Ms Cooper’s actions were widely condemned as racist. She was fired by the investment firm where she managed an insurance portfolio. The pet adoption agency that gave her the dog seen in the video took it back after criticism that the way she held it’s collar seemed to strangle it.

She is due to appear before a judge on 14 October.

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Frederick Douglass: Historic US black activist’s statue toppled

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Frederick Douglass, a former slave, was an American social reformer and abolitionist

A statue of the 19th Century US black activist Frederick Douglass has been toppled in New York state.

It appears to have been vandalised on 5 July – the anniversary of a famous speech the former slave gave in 1852.

In it he said Independence Day celebrations were a sham in a nation that still enslaved its black citizens.

His statue, in the city of Rochester, could have been targeted in retaliation for attacks on monuments linked to slavery, activists said.

The leader of the group that erected the statue, Carvi Eison, said a new statue of Douglass would take its place.

No-one has so far claimed responsibility for the attack on the statue.

In recent weeks, statues of Confederate leaders and the explorer Christopher Columbus have been torn down in the US, as pressure grows on authorities to remove monuments connected to slavery and colonialism.

The movement has been sparked by the death in police custody of African American George Floyd.

His death in Minneapolis in May has led to protests in the US and internationally against police brutality and racial inequality.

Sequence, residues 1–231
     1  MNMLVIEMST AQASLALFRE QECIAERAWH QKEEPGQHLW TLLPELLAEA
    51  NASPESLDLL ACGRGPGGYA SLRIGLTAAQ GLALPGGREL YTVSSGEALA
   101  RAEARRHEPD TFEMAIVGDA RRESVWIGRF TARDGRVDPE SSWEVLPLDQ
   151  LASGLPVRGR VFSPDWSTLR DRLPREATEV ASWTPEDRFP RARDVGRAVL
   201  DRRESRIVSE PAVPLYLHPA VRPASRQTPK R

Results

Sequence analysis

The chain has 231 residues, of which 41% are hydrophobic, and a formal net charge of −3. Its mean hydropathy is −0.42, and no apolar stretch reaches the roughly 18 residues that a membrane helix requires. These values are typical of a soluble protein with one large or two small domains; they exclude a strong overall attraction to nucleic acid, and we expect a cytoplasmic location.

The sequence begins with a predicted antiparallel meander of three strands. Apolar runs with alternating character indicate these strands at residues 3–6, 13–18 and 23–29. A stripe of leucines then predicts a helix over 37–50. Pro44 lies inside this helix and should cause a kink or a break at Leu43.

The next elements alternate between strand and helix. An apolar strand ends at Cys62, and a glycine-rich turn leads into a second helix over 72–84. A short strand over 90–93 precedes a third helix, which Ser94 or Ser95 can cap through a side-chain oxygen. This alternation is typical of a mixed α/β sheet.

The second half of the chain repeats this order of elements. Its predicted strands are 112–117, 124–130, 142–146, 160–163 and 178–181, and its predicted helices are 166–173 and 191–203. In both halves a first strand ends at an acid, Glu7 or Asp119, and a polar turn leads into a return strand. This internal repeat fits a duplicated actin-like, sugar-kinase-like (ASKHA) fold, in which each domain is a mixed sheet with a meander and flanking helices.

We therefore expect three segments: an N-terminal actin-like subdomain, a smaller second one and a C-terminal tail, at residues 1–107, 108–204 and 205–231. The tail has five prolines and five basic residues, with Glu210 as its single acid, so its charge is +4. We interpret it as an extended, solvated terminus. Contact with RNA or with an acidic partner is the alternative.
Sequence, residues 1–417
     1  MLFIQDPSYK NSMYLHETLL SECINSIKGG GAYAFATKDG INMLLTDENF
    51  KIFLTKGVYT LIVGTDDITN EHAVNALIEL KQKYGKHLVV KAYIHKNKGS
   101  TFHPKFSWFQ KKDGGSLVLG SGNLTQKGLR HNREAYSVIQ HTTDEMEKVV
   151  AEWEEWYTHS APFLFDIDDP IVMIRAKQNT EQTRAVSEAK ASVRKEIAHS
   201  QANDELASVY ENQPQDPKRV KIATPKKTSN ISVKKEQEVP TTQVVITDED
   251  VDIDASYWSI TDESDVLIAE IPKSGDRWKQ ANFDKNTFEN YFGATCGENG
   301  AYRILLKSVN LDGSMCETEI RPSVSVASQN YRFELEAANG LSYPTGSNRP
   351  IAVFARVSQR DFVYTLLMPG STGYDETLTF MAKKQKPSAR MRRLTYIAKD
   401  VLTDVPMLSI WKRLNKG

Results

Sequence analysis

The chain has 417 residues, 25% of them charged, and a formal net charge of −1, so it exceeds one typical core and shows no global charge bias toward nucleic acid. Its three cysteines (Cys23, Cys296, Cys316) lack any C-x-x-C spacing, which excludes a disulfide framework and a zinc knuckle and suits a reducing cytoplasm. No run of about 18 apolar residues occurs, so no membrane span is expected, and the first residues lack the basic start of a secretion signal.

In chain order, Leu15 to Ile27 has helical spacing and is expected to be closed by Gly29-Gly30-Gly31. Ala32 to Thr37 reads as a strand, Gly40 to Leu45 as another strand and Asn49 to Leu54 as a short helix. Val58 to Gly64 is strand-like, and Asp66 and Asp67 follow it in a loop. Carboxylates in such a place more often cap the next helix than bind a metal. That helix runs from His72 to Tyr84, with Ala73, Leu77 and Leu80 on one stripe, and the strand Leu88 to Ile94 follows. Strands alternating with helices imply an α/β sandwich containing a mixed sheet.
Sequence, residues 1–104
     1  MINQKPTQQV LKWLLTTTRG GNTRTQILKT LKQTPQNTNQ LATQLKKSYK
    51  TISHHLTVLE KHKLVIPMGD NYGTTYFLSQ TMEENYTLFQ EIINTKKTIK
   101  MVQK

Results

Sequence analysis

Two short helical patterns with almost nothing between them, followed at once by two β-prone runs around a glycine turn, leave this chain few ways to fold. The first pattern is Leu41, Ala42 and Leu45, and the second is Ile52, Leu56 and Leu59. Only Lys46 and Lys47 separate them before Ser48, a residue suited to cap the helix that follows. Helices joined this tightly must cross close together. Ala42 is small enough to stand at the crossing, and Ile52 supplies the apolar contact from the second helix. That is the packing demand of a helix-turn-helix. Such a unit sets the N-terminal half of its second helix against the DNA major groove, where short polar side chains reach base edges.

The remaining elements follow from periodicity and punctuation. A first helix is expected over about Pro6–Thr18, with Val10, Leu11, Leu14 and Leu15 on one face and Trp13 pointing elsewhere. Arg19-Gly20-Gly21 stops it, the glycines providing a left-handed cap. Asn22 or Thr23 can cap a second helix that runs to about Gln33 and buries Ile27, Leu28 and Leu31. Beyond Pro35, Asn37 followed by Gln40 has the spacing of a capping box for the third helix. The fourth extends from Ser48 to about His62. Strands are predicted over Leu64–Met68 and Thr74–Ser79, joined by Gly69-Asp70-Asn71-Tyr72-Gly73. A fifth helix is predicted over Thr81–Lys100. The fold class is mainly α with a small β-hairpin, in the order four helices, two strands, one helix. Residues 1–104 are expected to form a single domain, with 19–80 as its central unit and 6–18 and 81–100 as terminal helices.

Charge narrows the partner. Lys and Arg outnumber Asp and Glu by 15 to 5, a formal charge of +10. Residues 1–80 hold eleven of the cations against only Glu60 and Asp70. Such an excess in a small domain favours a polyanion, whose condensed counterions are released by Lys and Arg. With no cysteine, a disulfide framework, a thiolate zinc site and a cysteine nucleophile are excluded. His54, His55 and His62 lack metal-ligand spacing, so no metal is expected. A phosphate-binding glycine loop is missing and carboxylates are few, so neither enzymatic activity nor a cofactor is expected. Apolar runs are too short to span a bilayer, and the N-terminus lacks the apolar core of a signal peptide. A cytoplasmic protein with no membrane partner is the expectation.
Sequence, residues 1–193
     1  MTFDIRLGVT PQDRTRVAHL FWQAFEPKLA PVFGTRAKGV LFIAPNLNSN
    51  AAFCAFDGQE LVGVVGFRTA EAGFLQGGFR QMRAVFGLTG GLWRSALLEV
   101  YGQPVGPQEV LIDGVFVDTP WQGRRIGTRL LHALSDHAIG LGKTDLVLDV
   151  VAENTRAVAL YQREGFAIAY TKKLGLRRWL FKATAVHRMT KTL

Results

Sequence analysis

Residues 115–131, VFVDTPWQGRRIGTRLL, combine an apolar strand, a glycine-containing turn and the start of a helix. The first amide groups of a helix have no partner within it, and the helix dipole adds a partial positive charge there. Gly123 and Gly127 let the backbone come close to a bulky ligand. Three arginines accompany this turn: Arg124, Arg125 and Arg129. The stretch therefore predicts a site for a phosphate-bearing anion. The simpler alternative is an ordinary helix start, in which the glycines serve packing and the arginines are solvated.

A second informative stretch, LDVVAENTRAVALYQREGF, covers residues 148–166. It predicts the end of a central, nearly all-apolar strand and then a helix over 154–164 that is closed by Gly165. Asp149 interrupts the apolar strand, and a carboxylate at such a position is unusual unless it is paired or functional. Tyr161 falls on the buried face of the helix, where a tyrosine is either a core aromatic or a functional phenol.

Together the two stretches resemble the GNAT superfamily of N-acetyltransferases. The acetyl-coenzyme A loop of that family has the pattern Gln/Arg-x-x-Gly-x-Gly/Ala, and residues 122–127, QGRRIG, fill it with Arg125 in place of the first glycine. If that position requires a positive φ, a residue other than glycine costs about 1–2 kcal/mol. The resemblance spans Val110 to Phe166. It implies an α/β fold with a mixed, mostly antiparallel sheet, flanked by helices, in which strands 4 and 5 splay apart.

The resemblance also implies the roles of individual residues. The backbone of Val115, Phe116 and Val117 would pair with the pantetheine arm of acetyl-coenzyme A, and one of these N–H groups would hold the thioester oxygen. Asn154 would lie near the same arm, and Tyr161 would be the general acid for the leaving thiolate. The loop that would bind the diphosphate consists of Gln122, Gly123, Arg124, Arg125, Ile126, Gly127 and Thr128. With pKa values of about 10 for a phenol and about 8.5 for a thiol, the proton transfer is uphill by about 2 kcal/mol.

US President Donald Trump last week ordered the creation of a “National Garden of American Heroes” to defend what he called “our great national story” against those who vandalised statues.

His executive order gave a new task force 60 days to present plans, including a location, for the garden.

Mr Trump insisted the new statues must be lifelike, “not abstract or modernist”.

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Media captionProtesters across America toppled statues associated with slavery

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EU threatens escalation in tariff fight over Boeing and Airbus subsidies

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The EU says it will act “decisively” if the US goes ahead with a threat to put new tariffs on its goods.

It is latest twist in a long-running row with Washington over subsidies granted to the planemaker Airbus.

For more than a decade, the EU and US have accused each other of propping up their home aviation markets with tax breaks, research grants and other aid.

Last month, the US threatened duties on EU goods such as beer, gin and olives, escalating the row.

On Monday, Europe’s trade commissioner Phil Hogan said Washington had rejected moves to settle the dispute.

“I want to reassure people that we are ready to act decisively and strongly on the European Union side if we don’t get the type of outcome that we expect from the United States in relationship to finalising this 15-year-old dispute,” he told the European Parliament’s trade committee.

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European Trade Commissioner Phil Hogan said the EU will act “decisively and strongly”

The World Trade Organization (WTO) has already ruled that subsidies given by the EU to Airbus in 2004 were illegal.

However, it is also considering a parallel case involving illegal support for US aerospace firm Boeing, which could see the EU impose duties on Washington later this year.